...and fortunately, most of us don't really have to think too much about what these men and women do on a daily basis, and the phrase New York's finest and New York's bravest, you know, did it mean anything to us personally, firsthand? Well, maybe, hopefully, but probably not. But boy, it means something now, doesn't it? They put themselves in harm's way to protect people like us, and the men and women, the fire fighters and the police department who are lost are going to be missed by this city for a very, very long time. And I, and my hope for myself and everybody else, not only in New York but everywhere, is that we never, ever take these people for granted... absolutely never take them for granted.
I just want to go through this, and again, forgive me if this is more for me than it is for people watching, I'm sorry, but uh, I just, I have to go through this, I'm...
The reason we were attacked, the reason these people are dead, these people are missing and dead, and they weren't doing anything wrong, they were living their lives, they were going to work, they were traveling, they were doing what they normally do. As I understand it (and my understanding of this is vague at best), another smaller group of people stole some airplanes and crashed them into buildings. And we're told that they were zealots, fueled by religious fervor... religious fervor. And if you live to be a thousand years old, will that make any sense to you? Will that make any Goddamned sense? Whew.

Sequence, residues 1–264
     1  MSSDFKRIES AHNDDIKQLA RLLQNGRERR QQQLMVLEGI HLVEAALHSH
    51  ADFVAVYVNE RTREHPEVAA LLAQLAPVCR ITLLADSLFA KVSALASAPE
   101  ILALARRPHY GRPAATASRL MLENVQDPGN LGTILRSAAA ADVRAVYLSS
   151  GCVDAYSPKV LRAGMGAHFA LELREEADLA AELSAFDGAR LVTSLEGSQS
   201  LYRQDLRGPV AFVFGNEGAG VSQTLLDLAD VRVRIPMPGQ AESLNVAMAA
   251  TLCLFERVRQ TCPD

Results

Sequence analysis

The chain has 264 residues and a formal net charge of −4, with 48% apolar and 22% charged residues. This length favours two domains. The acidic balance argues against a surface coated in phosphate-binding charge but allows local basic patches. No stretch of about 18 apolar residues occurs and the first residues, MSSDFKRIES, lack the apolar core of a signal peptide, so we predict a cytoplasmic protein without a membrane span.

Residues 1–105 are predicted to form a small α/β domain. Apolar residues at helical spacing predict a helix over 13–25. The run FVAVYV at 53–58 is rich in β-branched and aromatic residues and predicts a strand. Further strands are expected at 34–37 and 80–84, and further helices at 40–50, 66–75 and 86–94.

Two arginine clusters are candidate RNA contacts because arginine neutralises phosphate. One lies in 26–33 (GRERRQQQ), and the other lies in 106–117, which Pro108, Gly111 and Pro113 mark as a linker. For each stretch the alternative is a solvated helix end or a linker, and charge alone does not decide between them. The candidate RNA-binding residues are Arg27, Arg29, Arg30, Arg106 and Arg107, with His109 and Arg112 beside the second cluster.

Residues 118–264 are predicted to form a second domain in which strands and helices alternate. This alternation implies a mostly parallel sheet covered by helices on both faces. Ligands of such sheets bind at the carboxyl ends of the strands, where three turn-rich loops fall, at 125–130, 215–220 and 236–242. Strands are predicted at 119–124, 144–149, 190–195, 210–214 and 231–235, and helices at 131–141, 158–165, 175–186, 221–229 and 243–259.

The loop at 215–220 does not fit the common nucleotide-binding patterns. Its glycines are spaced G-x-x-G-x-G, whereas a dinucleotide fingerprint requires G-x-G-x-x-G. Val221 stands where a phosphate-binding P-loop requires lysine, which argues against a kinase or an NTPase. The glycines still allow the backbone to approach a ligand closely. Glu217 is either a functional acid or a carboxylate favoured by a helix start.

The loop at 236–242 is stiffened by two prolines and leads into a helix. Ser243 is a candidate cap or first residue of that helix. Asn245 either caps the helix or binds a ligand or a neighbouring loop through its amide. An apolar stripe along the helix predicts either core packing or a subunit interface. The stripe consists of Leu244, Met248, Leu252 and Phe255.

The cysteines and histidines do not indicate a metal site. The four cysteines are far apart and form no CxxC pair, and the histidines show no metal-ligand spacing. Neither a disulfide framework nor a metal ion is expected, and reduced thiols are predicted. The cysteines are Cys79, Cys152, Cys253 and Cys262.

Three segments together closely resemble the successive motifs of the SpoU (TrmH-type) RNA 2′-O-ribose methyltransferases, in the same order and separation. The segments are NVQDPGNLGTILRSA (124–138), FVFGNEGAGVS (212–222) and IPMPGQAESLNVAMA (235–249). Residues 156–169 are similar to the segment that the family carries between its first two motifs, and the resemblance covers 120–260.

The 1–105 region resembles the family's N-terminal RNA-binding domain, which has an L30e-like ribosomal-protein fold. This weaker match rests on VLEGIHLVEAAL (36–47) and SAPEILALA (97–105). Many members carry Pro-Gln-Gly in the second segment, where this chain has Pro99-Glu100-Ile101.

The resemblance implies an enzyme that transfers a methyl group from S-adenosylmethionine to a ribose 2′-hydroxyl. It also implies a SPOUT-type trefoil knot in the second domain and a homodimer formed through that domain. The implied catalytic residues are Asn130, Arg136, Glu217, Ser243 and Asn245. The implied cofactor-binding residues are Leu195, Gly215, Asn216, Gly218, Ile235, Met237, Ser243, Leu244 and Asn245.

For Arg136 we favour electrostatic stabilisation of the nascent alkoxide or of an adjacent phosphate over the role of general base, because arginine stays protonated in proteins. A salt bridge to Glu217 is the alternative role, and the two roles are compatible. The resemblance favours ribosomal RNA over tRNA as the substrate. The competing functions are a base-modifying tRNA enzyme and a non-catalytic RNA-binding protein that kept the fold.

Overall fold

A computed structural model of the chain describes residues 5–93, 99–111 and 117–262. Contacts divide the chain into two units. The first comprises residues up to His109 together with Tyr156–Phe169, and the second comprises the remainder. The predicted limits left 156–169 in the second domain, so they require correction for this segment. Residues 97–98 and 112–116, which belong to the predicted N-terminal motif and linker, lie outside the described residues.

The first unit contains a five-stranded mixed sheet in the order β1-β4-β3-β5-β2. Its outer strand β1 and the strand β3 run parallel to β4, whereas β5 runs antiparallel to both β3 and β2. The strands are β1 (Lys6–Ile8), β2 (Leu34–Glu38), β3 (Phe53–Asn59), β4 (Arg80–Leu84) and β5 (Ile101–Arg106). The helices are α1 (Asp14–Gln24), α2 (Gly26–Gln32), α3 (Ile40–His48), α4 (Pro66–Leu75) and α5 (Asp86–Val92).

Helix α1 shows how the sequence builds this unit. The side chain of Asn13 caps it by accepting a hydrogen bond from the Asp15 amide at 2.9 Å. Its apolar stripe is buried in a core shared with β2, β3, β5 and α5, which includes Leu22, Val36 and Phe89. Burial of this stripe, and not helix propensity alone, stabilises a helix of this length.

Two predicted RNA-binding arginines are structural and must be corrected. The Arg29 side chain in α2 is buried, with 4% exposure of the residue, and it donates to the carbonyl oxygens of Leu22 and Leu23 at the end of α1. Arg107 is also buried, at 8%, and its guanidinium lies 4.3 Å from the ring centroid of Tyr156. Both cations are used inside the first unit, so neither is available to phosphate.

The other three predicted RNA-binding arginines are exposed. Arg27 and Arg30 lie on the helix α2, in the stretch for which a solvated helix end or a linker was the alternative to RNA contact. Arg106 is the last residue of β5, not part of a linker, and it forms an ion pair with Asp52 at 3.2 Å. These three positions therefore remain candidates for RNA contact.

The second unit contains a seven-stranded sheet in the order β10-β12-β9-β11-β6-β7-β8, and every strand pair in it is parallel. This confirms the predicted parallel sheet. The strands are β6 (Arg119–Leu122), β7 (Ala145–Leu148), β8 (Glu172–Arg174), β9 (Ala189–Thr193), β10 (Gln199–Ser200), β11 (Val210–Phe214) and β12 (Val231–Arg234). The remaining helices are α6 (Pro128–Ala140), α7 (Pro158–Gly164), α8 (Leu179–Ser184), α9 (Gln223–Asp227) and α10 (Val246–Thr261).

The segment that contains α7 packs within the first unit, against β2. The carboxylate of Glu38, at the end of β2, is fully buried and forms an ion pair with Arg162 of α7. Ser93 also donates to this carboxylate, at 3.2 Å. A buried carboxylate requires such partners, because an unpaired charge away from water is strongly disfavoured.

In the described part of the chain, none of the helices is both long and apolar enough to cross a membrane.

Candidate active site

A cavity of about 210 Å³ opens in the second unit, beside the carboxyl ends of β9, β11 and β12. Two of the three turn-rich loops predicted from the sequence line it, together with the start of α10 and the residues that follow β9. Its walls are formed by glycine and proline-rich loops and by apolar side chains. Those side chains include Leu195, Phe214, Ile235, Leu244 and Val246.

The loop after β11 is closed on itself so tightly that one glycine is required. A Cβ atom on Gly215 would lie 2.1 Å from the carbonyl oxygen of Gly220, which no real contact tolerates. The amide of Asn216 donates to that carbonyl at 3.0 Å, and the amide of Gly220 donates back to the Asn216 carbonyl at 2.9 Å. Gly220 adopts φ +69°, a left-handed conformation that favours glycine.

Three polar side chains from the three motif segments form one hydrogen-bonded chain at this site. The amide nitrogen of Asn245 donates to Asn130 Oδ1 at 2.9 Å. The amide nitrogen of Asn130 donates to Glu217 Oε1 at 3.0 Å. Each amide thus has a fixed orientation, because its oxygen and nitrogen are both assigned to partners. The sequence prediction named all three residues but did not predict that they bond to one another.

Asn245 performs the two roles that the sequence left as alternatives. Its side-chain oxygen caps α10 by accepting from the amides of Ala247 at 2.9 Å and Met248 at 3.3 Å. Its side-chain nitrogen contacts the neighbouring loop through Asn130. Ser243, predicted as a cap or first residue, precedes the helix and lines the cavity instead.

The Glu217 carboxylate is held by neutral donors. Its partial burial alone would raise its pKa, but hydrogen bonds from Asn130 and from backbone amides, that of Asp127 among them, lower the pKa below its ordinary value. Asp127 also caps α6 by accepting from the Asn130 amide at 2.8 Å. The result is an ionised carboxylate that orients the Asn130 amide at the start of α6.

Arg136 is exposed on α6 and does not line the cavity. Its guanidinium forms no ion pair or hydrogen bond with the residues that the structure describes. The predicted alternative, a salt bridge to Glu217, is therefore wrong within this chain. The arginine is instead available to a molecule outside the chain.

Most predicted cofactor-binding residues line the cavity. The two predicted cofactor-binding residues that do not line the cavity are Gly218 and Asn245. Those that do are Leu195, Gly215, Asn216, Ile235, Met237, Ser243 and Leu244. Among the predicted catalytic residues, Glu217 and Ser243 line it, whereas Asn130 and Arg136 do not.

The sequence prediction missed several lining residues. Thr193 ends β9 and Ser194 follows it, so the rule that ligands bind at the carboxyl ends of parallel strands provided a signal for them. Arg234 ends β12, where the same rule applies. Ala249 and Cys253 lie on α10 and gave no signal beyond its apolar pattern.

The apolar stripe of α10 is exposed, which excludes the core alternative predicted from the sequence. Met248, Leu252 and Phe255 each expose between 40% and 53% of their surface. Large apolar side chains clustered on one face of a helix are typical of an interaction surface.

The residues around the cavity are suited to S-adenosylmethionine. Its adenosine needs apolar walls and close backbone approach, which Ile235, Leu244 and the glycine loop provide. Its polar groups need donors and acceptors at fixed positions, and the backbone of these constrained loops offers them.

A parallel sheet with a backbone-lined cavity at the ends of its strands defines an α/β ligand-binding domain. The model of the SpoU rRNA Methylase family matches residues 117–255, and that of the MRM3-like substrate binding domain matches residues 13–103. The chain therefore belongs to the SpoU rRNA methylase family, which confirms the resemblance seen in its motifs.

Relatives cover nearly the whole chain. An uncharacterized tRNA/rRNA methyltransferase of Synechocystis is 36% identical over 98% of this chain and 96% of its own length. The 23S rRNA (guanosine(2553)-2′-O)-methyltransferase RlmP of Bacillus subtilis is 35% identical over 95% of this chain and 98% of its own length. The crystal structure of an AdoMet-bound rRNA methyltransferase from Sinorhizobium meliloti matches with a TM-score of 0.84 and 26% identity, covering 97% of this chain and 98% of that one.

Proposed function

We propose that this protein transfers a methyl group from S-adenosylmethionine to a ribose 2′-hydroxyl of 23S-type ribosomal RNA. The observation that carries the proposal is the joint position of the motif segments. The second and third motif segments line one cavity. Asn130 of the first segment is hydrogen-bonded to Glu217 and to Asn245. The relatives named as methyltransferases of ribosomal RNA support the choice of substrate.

I'll tell you about a thing that happened last night. There's a town in Montana by the name of Choteau. It's about a hundred miles south of the Canadian border. And I know a little something about this town. It's 1,600 people. 1,600 people. And it's an ag-business community, which means farming and ranching. And Montana's been in the middle of a drought for... I don't know... three years? And if you've got no rain, you can't grow anything. And if you can't grow anything, you can't farm, and if you can't grow anything, you can't ranch, because the cattle don't have anything to eat, and that's the way life is in a small town. 1,600 people.
Last night at the high school auditorium in Choteau, Montana, they had a rally, home of the Bulldogs, by the way... they had a rally for New York City. And not just a rally for New York City, but a rally to raise money... to raise money for New York City. And if that doesn't tell you everything you need to know about the... the spirit of the United States, then I can't help you. I'm sorry.
And I have one more thing to say, and then, thank God, Regis is here, so we have something to make fun of.
If you didn't believe it before, and it's easy to understand how you might have been skeptical on this point, if you didn't believe it before, you can absolutely believe it now... New York City is the greatest city in the world.
We're going to try and feel our way through this, and we'll just see how it goes... take it a day at a time. We're lucky enough tonight to have two fantastic representatives of this town, Dan Rather and Regis Philbin, and we'll be right back.